Back and forth, those of us who went blind later in life would always find the many things that we could no longer do and those things we can do but much less efficiently.  The blind from birth pair kept reminding me of things they could not do twenty years ago that, with JAWS, PAC Mate or an iPAQ with MSP, they do every day in 2006.

So, is the glass half full or half empty?

I move to my college student.  This young man, a member of the JAWS Generation,  grew up using JAWS and cannot imagine a world without talking computers.  His sighted counterparts grew up with Windows and Macintosh and cannot imagine a world before graphical user interfaces.  He looks at the world as both half full and half empty.  This young man can imagine the future with really cool user agents that provide access to inaccessible appliances, he likes the notion of 3D audio interfaces and he finds force feedback, low cost, haptics very exciting.  At the same time, our college student also describes how much progress he has seen and enjoys in JAWS and, more recently, with MSP that provide him with incremental improvements from year to year.

As is the case in mainstream technology, the kids often have the best ideas as they have far fewer pre-conceived notions.  I learned this many years ago, when I could still see well and Turning Point Software, my employer back then got the contract to write a paint package for kids that would ultimately be released as “Fine Artist.”  Microsoft intended the software to allow children to make their own paintings as well as teach them about art history.  We got to create really cool features like “cubist mode” which would convert a child’s drawing into the cubist school of modern art.  Perhaps the most fascinating moments, though, occurred when we watched the video Microsoft made with real kids using the software in their Redmond usability lab.  The kids would click on parts of the screen that had no hot spot and then ask the adult why it didn’t do anything.  When the child was asked what it should do, they almost always came up with an excellent idea.  Many of those ideas made it into Fine Artist before release and the program received rave reviews.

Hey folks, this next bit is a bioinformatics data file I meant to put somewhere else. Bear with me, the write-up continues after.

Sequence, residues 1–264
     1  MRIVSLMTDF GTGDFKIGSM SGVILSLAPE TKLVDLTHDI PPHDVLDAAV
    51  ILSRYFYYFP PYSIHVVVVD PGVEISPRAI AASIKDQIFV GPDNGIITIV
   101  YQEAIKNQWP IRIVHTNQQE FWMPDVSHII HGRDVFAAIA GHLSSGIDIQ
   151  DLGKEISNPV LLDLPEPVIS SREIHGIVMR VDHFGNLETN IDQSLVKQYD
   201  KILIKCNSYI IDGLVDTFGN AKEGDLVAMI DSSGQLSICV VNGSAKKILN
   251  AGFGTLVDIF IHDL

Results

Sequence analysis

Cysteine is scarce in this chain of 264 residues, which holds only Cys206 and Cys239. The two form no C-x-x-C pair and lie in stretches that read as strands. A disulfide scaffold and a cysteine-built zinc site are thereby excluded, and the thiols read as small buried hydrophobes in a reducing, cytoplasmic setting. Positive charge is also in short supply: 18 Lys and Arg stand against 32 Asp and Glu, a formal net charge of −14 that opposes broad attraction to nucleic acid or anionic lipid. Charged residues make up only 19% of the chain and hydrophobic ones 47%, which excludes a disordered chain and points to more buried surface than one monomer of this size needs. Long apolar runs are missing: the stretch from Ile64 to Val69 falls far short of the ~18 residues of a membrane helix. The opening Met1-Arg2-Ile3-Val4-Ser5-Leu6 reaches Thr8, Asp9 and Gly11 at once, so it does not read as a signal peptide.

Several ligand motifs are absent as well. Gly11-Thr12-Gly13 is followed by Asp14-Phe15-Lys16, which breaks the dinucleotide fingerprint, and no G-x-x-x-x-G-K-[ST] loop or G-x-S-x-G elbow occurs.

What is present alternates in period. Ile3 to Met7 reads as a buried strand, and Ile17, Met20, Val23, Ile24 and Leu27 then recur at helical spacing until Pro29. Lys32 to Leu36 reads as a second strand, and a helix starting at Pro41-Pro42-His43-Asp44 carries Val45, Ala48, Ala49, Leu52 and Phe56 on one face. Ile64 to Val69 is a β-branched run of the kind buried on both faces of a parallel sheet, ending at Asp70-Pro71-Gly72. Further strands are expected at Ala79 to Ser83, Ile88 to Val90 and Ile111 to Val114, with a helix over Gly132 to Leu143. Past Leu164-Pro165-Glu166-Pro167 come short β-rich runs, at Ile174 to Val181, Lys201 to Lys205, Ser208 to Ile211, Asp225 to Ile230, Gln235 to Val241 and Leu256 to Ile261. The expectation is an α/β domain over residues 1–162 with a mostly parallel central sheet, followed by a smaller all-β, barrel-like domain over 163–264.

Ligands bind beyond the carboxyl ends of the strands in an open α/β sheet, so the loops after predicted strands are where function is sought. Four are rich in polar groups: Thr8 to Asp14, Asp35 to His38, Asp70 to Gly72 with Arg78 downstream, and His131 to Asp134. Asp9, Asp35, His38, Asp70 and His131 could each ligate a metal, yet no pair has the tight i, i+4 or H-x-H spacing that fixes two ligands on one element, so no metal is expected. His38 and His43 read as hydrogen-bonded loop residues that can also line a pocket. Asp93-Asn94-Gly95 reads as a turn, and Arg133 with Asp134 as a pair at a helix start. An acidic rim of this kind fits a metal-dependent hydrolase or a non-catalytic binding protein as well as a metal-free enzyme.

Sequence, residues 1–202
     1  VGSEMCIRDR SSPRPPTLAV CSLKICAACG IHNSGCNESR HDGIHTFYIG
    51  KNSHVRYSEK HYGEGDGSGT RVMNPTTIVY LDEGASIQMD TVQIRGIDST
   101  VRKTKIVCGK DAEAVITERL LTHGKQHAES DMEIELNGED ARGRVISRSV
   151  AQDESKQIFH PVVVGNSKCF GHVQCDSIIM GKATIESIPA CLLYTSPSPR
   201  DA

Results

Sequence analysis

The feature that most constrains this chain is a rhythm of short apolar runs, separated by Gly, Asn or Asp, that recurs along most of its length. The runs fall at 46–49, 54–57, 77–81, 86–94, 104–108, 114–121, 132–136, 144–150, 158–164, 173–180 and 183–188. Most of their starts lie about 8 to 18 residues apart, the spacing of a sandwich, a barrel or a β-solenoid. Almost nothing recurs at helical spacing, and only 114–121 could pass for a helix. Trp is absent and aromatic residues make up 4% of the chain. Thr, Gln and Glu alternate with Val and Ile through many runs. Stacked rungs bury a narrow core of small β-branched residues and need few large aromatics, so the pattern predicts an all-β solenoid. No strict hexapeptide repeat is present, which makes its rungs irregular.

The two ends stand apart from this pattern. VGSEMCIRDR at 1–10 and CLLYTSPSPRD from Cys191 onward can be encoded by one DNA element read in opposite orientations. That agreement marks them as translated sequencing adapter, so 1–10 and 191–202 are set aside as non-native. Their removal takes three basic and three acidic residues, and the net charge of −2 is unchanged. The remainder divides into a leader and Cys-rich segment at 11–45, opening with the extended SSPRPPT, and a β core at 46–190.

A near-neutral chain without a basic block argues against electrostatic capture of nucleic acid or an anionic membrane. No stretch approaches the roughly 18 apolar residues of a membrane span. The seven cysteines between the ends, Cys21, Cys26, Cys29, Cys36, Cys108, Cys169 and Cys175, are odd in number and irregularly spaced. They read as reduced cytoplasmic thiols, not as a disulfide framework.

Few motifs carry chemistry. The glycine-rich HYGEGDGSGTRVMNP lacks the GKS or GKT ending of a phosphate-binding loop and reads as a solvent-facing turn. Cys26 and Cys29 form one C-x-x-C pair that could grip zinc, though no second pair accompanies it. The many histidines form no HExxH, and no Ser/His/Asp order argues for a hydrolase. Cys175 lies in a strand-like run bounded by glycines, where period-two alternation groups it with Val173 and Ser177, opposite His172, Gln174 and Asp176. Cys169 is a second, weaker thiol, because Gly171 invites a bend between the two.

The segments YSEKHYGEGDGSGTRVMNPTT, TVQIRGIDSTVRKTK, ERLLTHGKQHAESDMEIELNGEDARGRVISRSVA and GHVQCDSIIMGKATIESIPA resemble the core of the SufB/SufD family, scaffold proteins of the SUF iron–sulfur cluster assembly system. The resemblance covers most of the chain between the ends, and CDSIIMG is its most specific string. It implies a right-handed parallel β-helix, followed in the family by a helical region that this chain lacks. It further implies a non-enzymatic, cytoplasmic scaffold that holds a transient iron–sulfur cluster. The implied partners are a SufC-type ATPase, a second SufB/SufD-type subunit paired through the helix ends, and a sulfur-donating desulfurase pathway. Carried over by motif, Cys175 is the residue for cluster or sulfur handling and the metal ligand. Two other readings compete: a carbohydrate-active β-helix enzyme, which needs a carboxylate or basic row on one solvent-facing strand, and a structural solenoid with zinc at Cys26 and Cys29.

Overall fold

Back to my unofficial and unscientific focus group.  The three populations all had different expectations.  One pair wanted everything we had lost, the second pair celebrated everything they now have and the kid likes what he has but wants much, much more.  

Does this tell us anything about how AT products should be designed in the future?

Because the study has no scientific grounding, no controls and is statistically insignificant, I wouldn’t draw too many conclusions from this article.  I do think this topic deserves further research so we can find more solid conclusions.

As my personal bias lies with those of us who went blind later in life and because the aging population will mean that an ever increasing number of people with vision impairments had once had sight, I think we need to push for the “everything” solutions as they won’t hurt the group who has been blind all of their lives.  Perhaps, though, those of us who write opinion pieces should also remember just how far AT products and accessibility has come in the past couple of decades.  If these advances hadn’t occurred the late in life group and the college student may not even have the ability to imagine more radical innovations in the future.